Project 01
Christo and

Project Summary

Wrapped Coast – One Million Square Feet, Little Bay, Sydney, Australia, 1968–69 was the first major environmental project created by the iconic artists Christo and Jeanne-Claude, more than a decade before they became famous for large-scale environmental projects at sites around the world. Wrapped Coast was the largest single artwork that had ever been made. Larger than Mount Rushmore, the expanse was so vast that no one vantage point allowed a complete view; instead, visitors walked for an hour to cross its surface. Two-and-a-half kilometres of coast and cliffs up to 26 metres high were shrouded in fabric and rope, appearing like a moonscape, alpine snowfield or Arctic terrain, transformed by sweeping winds into rivulets and billowing sails.

In 1967, Christo had already made his first drawings for a wrapped coastline, initially planned for California as a ‘packed coast’. The following year, Christo and Jeanne-Claude welcomed the young Australian collector John Kaldor to their home in New York. Kaldor invited them to Australia as part of the Alcorso-Sekers Travelling Scholarship and it became the first visit to Australia for international artists to make new work and the first in the series of Kaldor Public Art Projects.

Kaldor secured a site 14.5 kilometres south-east of the city centre at Little Bay and a team of more than 100 workers and 11 volunteers spent four weeks climbing, wrapping, sewing and securing the work in an atmosphere of camaraderie that defined the mood and memory of the experience. Somewhere between a monument and an event, Wrapped Coast was an extraordinary project that changed perceptions and had an enormous impact on art in Australia.

An exhibition, Drawings and Collages, was held at Central Street Gallery in Sydney, showing photographs by Harry Shunk of Wrapped Coast in progress, Christo’s preparatory drawings, wrapped roses, and 70 bales of hay stacked and packaged in black plastic. The concept for Wrapped Hay was also refashioned for Melbourne as the centre of Australia’s wool industry in a large new project for the National Gallery of Victoria. During November 1969, Wool Works saw 75 wool bales stacked inside the gallery and two truckloads of wool bales arranged and wrapped outside in the gallery’s Murdoch Court.

Fifty years on, Christo and Jeanne-Claude are now famous for their environmental projects. They have travelled the globe, erecting offices and setting up project teams and new communities as they unfurl fabrics to create ‘temporary monuments’. Since Wrapped Coast, some of their best-known works have been Valley Curtain, Grand Hogback, Rifle, Colorado, 1970–72; Running Fence, Sonoma and Marin Counties, California, 1972–76; Surrounded Islands, Biscayne Bay, Greater Miami, Florida, 1980–83; The Pont Neuf Wrapped, Paris, 1975–85; The Umbrellas, Japan–USA, 1984–91; Wrapped Reichstag, Berlin, 1971–95 and The Gates, Central Park, New York City, 1979–2005.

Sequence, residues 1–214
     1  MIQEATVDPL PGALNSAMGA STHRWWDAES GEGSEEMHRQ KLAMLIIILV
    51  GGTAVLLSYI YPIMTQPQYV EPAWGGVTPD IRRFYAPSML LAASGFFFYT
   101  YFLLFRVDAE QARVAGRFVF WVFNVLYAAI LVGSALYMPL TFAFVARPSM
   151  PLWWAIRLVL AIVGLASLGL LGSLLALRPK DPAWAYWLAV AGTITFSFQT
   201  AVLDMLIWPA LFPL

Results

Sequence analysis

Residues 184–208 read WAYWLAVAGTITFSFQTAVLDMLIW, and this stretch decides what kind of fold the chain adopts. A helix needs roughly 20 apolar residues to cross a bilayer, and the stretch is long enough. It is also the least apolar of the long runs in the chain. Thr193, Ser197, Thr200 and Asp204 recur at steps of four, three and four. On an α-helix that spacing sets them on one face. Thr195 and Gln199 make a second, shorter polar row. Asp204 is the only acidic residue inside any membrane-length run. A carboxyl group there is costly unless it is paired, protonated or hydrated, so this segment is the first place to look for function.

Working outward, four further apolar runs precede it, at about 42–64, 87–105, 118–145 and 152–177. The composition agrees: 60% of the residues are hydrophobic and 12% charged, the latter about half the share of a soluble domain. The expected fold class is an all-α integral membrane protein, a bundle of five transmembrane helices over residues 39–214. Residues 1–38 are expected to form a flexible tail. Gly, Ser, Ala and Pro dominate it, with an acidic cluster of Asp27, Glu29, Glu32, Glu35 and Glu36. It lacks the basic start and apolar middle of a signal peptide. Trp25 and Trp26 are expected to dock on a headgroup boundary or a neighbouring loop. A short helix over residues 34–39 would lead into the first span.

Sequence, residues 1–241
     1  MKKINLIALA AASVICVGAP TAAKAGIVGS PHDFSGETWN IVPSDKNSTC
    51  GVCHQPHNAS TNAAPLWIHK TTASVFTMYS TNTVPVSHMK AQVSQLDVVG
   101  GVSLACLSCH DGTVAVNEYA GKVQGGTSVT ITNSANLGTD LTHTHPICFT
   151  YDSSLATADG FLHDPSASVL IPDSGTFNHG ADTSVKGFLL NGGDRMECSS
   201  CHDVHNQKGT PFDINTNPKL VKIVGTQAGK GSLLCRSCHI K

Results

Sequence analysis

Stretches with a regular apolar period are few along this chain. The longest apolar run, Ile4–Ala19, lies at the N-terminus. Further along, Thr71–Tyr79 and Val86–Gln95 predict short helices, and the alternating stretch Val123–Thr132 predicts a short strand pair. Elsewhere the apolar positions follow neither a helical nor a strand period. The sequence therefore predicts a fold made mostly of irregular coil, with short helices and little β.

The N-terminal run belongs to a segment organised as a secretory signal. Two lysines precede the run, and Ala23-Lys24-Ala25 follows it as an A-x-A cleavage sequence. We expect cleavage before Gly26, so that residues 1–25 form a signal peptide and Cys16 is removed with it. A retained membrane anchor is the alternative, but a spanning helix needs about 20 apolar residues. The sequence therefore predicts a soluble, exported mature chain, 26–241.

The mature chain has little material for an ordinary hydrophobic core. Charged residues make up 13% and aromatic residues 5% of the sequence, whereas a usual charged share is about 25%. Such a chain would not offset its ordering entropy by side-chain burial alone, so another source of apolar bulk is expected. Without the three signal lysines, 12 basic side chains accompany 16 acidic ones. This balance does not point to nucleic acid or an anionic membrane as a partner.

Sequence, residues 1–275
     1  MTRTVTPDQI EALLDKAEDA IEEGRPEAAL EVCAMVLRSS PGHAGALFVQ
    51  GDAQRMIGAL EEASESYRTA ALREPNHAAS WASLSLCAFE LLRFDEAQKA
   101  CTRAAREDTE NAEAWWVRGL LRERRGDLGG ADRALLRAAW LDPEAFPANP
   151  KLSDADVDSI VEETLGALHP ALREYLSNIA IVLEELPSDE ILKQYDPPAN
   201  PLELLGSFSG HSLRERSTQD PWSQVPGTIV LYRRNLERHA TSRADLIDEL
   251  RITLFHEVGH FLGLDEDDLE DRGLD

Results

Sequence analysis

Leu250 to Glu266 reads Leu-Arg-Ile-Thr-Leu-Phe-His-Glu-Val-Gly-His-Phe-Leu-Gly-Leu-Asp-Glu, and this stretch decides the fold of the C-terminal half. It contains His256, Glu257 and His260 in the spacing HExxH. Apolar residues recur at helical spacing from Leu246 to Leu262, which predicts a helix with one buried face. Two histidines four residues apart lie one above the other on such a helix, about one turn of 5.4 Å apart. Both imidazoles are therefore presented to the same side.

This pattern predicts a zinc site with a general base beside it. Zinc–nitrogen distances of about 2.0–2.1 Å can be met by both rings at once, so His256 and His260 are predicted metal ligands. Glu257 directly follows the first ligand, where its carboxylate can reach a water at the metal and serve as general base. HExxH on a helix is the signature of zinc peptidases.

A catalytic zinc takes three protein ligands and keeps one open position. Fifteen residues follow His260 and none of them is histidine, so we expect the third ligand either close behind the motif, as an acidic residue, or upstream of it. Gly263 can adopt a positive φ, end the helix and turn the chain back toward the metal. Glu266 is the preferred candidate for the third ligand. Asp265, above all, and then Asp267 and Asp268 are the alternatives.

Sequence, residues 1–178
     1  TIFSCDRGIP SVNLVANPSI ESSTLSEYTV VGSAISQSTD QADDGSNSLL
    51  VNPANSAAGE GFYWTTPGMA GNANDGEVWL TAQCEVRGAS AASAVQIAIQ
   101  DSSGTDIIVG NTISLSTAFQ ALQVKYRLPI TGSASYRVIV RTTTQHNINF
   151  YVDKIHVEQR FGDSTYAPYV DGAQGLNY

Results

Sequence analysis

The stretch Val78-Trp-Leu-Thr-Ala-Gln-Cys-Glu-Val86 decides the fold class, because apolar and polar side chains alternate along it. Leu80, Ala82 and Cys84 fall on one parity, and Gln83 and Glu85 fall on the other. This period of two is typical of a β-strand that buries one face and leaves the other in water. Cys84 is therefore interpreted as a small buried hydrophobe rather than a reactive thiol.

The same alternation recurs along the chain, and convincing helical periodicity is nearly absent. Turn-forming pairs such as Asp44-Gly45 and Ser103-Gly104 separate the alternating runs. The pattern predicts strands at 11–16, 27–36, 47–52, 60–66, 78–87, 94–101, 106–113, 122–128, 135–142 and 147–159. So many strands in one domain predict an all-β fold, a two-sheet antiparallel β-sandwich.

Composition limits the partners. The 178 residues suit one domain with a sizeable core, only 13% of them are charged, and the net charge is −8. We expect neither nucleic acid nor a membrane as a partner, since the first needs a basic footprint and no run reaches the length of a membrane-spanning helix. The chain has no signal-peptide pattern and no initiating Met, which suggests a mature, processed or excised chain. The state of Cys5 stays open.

​Christo and Jeanne-Claude

Wrapped Coast

28 October – 14 December 1969
Little Bay, Sydney

Drawings and Collages

22 October – 8 November 1969
Central Street Gallery, Sydney

Wool Works

1 – 30 November 1969
National Gallery of Victoria, Melbourne



Currently exhibiting at

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VideoBack to top

Interview with Christo, 2011

Christo and Jeanne-ClaudeBack to top

Husband-and-wife team Christo and Jeanne-Claude were widely known for their public art projects. Since 1961, they proposed ambitious alterations of public places. The duo created temporary large-scale environmental works (in both urban and rural settings), often wrapping buildings and landscapes in fabric. In doing so the artists faced resistance from governments and the public alike, however their ability to build a constituency of supporters allowed them to maintain artistic freedom. Following the death of Jeanne-Claude in 2009, Christo continues to make work under the name of both artists.

Education KitBack to top

Designed for both the 1st and the 9th Kaldor Public Art Projects, this Education Kit includes information about Christo and Jeanne-Claude’s collaborative practice and the creation and photo documentation of large-scale environmental artworks.

LEARNING STAGES: Senior secondary (Stages 5-6) | Tertiary

CONTENTS: Introduction | Artists’ bio | Project: 1969 | Project: 1990 | World events 1969 | World events 1990 | Theme: photo documentation | Art Gallery of NSW Collection connections | Selected references | Issues for discussion